APL How-To: Make Your Own Video Game with Twine 
APL How-To: Make Your Own Video Game with Twine
by Elizabeth

Hi there! So you want to make a Twine game? Great! Let’s get started.

Twine is a free website that allows you to make a choose-your-path game. It’s easy to use, and to make a
basic game, you only have to know two buttons on your keyboard. We’ll cover how to use those buttons, then
move on to cover two ways to surprise your readers.

Watch a tutorial here, or read on to learn more!

The Basics
First, go to twinery.org and click “Use it online.” You can download it, too, if you prefer.

If it’s your first time using Twine, Twine will give you a message telling you the basics: Twine saves its stories
in your browser, it’s free to use, and there’s a website full of detailed information you can go to if you need
more help.

For now, let’s click on the new story button on the right side of the screen:


Come up with a name for your story! I named mine “Library Story,” but you can name yours whatever you like.

After you name your story, you’ll be directed to a blue grid with a box in the center.


Double-click the box, or passage, to get started. Think of this as a page in your choose-your-path book: you’re
writing a page with a few choices for your reader.

Write whatever you want the reader to see when they click on your passage.

When you want to include a choice, place it in [[double brackets, like this]].

Click on “Test” or “Play” in the bottom corner whenever you’re ready to test it out.



When you test the game, the words you put in double brackets should show up in blue. You can click them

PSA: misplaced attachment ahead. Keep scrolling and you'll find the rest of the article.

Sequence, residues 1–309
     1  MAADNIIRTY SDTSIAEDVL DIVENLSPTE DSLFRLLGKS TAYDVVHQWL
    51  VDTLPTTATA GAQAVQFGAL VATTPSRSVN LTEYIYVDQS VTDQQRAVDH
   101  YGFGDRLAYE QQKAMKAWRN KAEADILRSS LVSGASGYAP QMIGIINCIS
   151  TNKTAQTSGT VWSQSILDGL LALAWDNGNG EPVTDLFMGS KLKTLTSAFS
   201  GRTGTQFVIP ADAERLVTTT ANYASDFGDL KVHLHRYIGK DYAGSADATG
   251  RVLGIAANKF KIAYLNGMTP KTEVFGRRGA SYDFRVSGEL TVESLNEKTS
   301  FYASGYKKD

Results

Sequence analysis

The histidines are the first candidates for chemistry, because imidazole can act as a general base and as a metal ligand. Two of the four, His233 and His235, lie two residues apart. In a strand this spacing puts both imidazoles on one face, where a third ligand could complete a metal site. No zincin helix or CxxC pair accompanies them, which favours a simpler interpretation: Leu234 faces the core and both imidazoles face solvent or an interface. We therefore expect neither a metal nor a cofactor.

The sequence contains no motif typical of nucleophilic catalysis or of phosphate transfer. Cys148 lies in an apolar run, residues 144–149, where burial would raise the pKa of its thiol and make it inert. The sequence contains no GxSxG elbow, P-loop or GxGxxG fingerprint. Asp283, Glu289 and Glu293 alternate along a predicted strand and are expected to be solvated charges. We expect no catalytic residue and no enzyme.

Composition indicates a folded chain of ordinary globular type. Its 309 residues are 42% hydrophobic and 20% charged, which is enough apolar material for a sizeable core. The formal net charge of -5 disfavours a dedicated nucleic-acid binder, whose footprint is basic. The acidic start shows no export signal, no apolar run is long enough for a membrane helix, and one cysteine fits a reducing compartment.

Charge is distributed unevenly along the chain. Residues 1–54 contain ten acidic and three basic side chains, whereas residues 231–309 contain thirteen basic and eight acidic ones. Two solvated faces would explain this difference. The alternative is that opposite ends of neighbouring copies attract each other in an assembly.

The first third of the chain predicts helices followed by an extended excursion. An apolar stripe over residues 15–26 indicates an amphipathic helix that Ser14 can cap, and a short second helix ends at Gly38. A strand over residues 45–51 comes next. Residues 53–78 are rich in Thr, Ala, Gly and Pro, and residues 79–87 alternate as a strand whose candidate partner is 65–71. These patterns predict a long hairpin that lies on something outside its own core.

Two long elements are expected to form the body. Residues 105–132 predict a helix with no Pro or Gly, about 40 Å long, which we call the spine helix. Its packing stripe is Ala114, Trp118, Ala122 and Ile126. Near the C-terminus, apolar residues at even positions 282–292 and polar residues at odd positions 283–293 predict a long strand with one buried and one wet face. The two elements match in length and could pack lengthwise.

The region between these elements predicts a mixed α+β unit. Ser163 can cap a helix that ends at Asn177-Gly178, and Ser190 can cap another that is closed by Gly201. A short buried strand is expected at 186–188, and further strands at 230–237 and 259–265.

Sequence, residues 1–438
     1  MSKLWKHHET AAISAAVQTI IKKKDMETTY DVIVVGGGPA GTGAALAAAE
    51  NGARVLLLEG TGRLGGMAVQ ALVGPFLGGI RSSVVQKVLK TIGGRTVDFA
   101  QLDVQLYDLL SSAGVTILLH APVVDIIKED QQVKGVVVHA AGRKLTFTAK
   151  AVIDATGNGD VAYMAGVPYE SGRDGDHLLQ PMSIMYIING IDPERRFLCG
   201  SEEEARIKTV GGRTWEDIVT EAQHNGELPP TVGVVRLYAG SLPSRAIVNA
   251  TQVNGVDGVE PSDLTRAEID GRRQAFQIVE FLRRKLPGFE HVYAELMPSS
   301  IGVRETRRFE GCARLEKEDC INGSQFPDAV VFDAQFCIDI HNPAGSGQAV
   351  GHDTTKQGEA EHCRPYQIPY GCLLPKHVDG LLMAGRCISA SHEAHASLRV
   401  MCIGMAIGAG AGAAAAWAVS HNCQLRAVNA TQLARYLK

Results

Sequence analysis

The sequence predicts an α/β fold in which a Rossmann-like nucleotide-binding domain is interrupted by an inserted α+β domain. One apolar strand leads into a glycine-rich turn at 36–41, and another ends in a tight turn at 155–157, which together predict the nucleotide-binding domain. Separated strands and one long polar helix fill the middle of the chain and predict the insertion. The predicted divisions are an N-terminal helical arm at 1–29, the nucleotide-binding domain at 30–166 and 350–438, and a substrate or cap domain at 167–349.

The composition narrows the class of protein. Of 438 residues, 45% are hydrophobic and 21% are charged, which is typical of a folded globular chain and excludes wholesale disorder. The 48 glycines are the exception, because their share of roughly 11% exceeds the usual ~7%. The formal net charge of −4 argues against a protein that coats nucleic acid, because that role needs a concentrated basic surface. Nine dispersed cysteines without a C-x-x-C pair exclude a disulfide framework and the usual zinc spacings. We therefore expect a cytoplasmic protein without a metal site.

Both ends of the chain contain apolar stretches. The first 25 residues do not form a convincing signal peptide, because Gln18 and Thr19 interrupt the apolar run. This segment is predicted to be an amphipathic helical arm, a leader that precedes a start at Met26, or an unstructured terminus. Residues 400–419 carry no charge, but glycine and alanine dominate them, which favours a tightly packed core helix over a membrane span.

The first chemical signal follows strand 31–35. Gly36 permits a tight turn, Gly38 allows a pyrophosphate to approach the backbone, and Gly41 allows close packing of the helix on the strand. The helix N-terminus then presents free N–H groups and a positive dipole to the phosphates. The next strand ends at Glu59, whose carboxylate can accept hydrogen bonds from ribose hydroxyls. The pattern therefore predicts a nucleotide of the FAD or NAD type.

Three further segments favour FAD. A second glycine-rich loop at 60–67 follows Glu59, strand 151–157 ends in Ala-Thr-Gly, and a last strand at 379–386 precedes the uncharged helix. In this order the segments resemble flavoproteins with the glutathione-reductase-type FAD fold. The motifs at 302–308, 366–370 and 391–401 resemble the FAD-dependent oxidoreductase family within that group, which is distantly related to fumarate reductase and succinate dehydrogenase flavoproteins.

now, and they’ll take you to new pages.

Each of the links is a title of a new page, so anytime you type the words [[Let’s go]] or [[Wait, no]], it’ll take your
readers to the exact same page.

That’s it! That’s all you need to know to make a basic choose-your-path Twine game. Congratulations! If you
want to get a little more complicated, though, here are two tricks to surprise your reader.

Getting More Involved
Again, the steps above are all you need to know. But what if you want something more complicated? What if
you want to add new words to a page someone’s already reading?

Easy! Here are two simple ways to add new words. You’ll make two kinds of links. One will change a word into
another word when the reader clicks on it, and one will add words to another part of the story.

Changing a Word
To change a word, we’re going to add two new concepts: single brackets and parentheses.

First, let’s turn a dragon into a lizard:

      I have to fight a (link: “dragon”)[lizard] today.


In the above picture, “dragon” is the word we want to change. Put the word you want to change in quotes after
Then, put one bracket and write what you want to appear instead. Don’t put two brackets! That’ll take you to a
new page.

The end result should look like this:

      (link: “word you want to change”)[new word]

When your readers click the link, the words will change.


Surprise! New Words
If you want to add words somewhere else in the passage after people click on a link, without deleting your
original words, you can also do that. Let’s try this with a paraphrase of Cabin Pressure’s “Surprising Rice.”

      “Behold! Surprising Rice.”
      [“What are those bits?”]<text| Martin asked.
      (click: ?text) [“Ah, you see, Skipper, if you don’t mind me saying so, that question is
      entirely against the spirit of Surprising Rice.”]


First, we have to write the words someone has to click on.

[words to click]<text|

When words are in brackets, you don’t have to put them in quotes.

Next, let’s write the words that will appear:

(click: ?text)[words that will appear]

You can put these words anywhere on the page you want!

The end result should look like this: once your reader clicks on the link, it will change from a blue link into plain
text, and the words will appear.


Thank you for making a video game with Twine! Let me know if you have any questions. If you make your own game in Twine, let us know! We'd love to hear about it!
Posted by [email protected] On 11 December, 2020 at 10:25 AM  

Leave Your Comment
Security Measure